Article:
The prospects for an Israeli-Palestinian peace process are complicated by many factors. Palestinian leaders cut off high-level political contacts with the Trump Administration after it recognized Jerusalem as Israel's capital in December 2017. In 2018, U.S.-Palestinian tensions have since worsened amid U.S. cutoffs of funding to the Palestinians and diplomatic moves—including the May 2018 opening of the U.S. embassy to Israel in Jerusalem. Palestinian leaders interpreted these actions as prejudicing their claims to a capital in Jerusalem and to a just resolution of Palestinian refugee claims. Israeli Prime Minister Netanyahu has welcomed these U.S. actions. The Trump Administration has suggested that it will release a proposed peace plan in 2019. Speculation continues about possible U.S. efforts to extract concessions from Israel or to have Arab states press Palestinians on aspects of the peace plan. Bouts of tension and violence in 2018 between Israel and Hamas in Gaza have occurredafter Israeli elections, which are scheduled for April 9, 2019. Speculation continues about how warming ties between Israel and Arab Gulf states may affect Israeli-Palestinian diplomacy, though Saudi Arabia said that the U.S. policy change on the Golan Heights would negatively affect the peace process. Bouts of tension and violence between Israel and Hamas in Gaza have continued—reportedly accompanied by indirect talks between the two parties that are being brokered by Egypt and aim for a long-term cease-fire.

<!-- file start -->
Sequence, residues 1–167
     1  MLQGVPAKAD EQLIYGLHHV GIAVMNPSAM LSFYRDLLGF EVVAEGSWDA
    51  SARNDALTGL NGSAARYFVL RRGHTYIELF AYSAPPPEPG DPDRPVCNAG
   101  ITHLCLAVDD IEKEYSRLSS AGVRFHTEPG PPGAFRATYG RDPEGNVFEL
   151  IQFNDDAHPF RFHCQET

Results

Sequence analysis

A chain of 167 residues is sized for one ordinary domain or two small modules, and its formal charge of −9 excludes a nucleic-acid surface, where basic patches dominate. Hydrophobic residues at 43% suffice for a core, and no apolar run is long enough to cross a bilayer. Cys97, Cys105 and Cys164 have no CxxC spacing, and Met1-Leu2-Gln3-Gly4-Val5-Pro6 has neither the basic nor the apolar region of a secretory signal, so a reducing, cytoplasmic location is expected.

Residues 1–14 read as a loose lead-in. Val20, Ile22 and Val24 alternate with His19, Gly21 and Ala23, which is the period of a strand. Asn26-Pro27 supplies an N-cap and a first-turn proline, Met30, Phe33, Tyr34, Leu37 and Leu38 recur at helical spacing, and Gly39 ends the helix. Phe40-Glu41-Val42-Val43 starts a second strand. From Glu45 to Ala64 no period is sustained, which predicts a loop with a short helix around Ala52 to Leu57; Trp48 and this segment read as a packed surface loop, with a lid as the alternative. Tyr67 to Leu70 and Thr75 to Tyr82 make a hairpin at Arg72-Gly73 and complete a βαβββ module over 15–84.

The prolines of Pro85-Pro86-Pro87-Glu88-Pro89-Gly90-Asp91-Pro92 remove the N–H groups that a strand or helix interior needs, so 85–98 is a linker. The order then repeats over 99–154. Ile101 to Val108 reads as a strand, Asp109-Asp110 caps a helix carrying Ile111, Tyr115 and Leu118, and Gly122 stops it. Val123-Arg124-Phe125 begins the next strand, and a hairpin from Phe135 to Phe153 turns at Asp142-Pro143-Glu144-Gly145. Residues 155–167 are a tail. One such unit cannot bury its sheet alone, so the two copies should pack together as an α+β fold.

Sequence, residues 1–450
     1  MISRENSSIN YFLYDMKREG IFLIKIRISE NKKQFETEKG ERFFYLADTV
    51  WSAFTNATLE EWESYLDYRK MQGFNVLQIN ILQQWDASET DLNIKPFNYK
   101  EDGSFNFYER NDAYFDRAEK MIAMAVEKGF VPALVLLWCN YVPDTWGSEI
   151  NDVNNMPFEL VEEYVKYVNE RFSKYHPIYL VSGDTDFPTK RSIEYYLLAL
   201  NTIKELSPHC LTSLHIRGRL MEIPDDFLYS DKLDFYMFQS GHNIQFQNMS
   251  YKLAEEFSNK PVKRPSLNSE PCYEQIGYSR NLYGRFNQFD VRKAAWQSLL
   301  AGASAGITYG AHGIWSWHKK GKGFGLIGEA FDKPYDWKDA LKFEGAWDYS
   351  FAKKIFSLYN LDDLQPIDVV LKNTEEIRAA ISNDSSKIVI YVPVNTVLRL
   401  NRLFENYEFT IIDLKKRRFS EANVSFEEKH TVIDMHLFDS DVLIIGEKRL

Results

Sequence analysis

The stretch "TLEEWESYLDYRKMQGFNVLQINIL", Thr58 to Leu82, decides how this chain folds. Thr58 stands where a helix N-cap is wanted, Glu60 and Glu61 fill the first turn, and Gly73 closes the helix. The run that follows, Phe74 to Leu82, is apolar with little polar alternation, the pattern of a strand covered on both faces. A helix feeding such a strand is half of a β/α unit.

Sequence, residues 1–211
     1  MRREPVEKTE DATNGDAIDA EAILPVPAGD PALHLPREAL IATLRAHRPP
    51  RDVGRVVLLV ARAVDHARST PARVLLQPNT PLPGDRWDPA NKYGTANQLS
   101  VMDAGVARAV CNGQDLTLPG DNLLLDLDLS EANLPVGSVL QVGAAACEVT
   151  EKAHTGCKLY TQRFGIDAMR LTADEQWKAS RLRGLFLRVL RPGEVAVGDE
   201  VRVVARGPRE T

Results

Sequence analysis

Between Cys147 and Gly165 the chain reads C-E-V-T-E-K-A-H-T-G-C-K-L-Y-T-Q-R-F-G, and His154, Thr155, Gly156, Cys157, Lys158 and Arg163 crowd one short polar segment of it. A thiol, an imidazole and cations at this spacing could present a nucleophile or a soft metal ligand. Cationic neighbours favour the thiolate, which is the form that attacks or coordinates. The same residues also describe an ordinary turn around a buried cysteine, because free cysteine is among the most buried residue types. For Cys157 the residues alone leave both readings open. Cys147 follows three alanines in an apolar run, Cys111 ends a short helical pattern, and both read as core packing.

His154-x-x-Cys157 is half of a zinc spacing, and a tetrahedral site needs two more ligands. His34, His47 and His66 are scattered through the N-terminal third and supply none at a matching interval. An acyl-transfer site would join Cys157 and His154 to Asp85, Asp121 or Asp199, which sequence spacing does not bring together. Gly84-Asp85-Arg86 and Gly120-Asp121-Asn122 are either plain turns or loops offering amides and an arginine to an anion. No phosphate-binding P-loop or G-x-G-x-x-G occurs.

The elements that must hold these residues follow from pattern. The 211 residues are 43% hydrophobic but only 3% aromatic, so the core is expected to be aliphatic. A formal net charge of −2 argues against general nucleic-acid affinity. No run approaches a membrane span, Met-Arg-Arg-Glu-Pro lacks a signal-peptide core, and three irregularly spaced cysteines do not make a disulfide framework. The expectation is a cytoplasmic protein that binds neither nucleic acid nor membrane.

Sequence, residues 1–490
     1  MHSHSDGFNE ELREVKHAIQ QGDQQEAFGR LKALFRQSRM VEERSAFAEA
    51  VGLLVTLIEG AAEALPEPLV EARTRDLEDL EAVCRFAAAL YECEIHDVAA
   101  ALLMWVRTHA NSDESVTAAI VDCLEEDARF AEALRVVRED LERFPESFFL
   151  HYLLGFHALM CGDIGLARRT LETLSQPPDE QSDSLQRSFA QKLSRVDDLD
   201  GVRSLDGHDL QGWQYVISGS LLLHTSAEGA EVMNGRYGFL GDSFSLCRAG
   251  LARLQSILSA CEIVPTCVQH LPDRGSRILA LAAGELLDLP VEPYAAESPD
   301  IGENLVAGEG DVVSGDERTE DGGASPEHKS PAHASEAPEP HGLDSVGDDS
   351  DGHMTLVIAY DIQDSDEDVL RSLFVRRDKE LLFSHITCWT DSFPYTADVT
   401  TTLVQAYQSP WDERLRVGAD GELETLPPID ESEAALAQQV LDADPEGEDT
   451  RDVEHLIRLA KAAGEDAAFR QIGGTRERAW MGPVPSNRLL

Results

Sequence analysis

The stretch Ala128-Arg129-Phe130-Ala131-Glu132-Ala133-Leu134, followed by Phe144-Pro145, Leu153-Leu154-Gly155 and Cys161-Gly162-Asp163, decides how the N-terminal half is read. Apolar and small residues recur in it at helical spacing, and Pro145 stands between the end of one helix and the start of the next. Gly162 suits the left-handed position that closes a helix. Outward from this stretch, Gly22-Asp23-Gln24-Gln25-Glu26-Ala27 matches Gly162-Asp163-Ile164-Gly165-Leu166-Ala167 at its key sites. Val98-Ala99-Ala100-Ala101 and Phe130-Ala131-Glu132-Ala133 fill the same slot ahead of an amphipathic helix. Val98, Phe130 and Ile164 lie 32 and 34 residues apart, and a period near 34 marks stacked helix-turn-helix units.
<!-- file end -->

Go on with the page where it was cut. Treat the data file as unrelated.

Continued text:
Domestically, Israel is preparing for elections scheduled for 2019. During 2018, the Israeli police have recommended that Prime Minister Netanyahu be indicted for breach of trust in three separate cases. The attorney general may determine whether to press charges in 2019. Netanyahu's Likud party still leads in polling, and he reportedly seeks to gain a popular mandate to remain in office even if he is indicted. Observers question whether an alliance made up of leading politicians and former generals might gain the popular support necessary to unseat Netanyahu.


Introduction: Key Concernsthe April 9 elections, which are closely contested. Former top general Benny Gantz is combining with former Finance Minister Yair Lapid to challenge Netanyahu, whom the attorney general has recommended be indicted for corruption in three separate cases. The elections and subsequent government formation process will have significant implications for Israel's future leadership and policies. Introduction: Major Issues for U.S.-Israel Relations

Strong relations between the United States and Israel have led to bilateral cooperation in many areas. Matters of particular significance include